Loyalty programmes are getting innovative and widening their reach even as consumers complain of low redemption values and cumbersome processes. Pooja Biraia writes.business Updated: Jul 22, 2012 23:20 IST
Anand Jaiswal owns several loyalty cards from different brands, but rarely uses them. “I hardly got anything substantial after redeeming my points. The last time my siblings and I shopped for shoes at Metro’s Gorakhpur outlet, we spent Rs. 14,000, but got a discount voucher for just Rs. 500.”
Anaggh Desai, CEO, The Bombay Store, said that his loyalty cards are just a collection of points, left untouched. “Between my wife’s and my cards, we had around 60,000 points from one branded retailer which, we were told, would get us only Rs. 50 per 1,000 points, which seemed ridiculous.”Girish Mallya, editor of a popular magazine, grumbled: "When I wanted to redeem on my Reliance Fresh loyalty card, I had no idea how to go about it. There was no communication, no e-mailers and no updates on offers. Moreover, they assumed that the card would be redeemed at other Reliance properties such as Reliance Trends, which I was not interested in."
While consumers don’t seem to be too happy with loyalty programmes, retailers seem to be enthusiastic about them. Loyalty or privilege club membership programmes are tools to offer discounts/rewards to consumers to encourage them to frequent a store and spend more. Consumers accrue reward points by shopping up to a certain limit, which they can redeem through discounts or gifts via the loyalty card.
Shoppers Stop claims to get 73% of its business from its over 18 lakh First Citizen members.
According to Caroline Papadatos, senior VP, Loyalty One, India will see big growth in the loyalty market, which is estimated at Rs. 5,000 crore. “By our projections, in the next three years, it’s going to touch at least Rs. 8,000 crore.”
This growth seems to be out of sync with customer expectations, given the high shopping limits, cumbersome redemption processes and low value on reward points. But points are not the only thing a customer looks for in a loyalty programme, said Vinay Bhatia, senior VP - marketing & loyalty, Shoppers Stop, which charges Rs. 300 for entry to their First Citizen club.
“There are many more privileges such as a separate counter for First Citizens, a magazine, exclusive sale previews and sometimes free parking too,” Bhatia said.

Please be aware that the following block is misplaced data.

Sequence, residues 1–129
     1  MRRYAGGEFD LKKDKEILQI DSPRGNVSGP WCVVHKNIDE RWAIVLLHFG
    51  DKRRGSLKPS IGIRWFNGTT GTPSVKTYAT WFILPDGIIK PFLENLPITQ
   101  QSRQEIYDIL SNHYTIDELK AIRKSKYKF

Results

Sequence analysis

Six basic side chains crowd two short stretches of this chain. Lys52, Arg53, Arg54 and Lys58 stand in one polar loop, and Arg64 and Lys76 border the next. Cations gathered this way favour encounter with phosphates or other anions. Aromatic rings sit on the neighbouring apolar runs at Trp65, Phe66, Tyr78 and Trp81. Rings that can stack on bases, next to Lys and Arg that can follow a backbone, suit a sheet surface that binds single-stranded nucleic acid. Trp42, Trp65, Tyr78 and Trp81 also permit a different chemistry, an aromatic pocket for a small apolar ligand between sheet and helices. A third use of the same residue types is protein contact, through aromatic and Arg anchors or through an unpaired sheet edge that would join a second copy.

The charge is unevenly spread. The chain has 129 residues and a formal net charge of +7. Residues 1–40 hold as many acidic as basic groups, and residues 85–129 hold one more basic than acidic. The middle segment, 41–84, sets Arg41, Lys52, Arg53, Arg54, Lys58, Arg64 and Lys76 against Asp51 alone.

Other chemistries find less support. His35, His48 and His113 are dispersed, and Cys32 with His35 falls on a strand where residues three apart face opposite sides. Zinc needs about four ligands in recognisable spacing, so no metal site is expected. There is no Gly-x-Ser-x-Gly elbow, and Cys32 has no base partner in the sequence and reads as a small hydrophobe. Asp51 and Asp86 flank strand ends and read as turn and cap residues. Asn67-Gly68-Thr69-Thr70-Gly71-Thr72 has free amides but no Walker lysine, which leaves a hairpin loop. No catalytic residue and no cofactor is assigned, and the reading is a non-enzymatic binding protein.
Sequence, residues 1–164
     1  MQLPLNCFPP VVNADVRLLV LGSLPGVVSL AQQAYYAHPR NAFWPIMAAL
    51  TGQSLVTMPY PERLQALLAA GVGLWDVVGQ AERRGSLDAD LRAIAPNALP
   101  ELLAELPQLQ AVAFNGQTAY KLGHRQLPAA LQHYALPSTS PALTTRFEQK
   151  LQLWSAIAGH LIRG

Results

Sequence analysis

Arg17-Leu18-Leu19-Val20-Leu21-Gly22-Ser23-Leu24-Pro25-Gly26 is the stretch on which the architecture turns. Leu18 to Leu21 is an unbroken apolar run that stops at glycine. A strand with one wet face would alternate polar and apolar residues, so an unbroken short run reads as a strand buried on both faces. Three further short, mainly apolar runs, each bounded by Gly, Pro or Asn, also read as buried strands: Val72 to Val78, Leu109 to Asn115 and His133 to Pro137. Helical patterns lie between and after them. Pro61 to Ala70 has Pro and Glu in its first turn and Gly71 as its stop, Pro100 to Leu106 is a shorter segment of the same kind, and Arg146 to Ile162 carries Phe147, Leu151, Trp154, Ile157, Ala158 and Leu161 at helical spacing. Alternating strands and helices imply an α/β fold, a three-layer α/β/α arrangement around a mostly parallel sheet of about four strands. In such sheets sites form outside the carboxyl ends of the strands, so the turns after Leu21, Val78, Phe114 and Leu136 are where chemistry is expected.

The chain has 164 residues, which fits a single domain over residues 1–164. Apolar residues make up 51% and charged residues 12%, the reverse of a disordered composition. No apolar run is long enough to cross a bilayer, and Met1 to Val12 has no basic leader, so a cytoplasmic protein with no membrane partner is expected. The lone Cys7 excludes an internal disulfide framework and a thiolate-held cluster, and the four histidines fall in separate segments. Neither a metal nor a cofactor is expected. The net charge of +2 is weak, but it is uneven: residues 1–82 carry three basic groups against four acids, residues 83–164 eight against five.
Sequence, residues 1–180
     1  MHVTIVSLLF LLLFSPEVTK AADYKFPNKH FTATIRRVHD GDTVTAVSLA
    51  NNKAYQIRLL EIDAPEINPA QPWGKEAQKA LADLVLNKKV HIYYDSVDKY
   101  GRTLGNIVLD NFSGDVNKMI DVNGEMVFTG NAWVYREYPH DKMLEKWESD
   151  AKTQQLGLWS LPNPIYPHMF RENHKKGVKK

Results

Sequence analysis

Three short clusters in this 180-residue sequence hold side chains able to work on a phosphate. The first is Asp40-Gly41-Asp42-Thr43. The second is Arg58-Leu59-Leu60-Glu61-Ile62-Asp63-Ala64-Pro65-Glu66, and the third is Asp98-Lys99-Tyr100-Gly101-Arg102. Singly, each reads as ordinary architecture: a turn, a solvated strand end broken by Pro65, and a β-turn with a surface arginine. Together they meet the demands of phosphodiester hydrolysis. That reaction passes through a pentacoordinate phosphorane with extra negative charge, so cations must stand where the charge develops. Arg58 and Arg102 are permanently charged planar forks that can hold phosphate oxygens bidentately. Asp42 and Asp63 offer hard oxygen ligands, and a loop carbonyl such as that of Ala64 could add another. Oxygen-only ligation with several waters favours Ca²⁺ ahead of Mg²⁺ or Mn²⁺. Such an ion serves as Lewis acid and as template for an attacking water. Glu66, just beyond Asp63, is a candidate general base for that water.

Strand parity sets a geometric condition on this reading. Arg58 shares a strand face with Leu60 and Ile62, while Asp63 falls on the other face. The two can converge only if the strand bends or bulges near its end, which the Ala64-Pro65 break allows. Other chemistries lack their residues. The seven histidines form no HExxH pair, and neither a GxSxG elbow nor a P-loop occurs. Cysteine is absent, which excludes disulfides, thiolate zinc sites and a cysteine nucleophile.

"Shoppers Stop is one of the best-in-class loyalty programmes in India – an exception to the standard programmes that suffer from low engagement and low redemption,” said Papadatos.
Vijay Bobba, CEO & MD, Payback India, however, observed: "When brands claim they have a huge number of members in their loyalty programmes, it may not mean much. Their programme may benefit a small chunk of members who are active shoppers. However, the majority do not spend as much, hence do not earn sufficient points to see it as a meaningful programme."
Nishank Joshi, head (marketing), Inorbit Malls, felt that it is better to base a loyalty programme on discounts than on points. “We offer loyal customers Inorbit gift cards – essentially prepaid debit cards. Those get added offers from individual stores at Inorbit where redeemers use the card.”
A possible game changer for India, suggested Papadatos, is the multi-partner coalition loyalty programme. “In a standalone programme, single buys would hardly get any meaningful return. A coalition programme, where the customer collects points across a number of retailers or brands, is a better idea,” she said. HPCL has partnered with Payback for such a loyalty programme.
Another idea that’s drawing interest is the location-based loyalty programme, or geotagging, which rewards consumers when they check into a store – on the lines of Foursquare – and also when they go to specific sections inside. “For instance, you get 25 points for entering the store and another 20 points for checking out the menswear section. This is the future of loyalty and will come to India soon. We are looking at piloting it at Inorbit in Malad (Mumbai) this year,” Joshi said.
According to the 2011 Colloquy Cross-Cultural Loyalty Study, conducted on shoppers in India, 83% of non-members who were not yet part of any loyalty programme, were willing to join a programme. Often, signing on is also free. It’s sustaining and growing member commitment that still needs to prove itself in India at this nascent stage.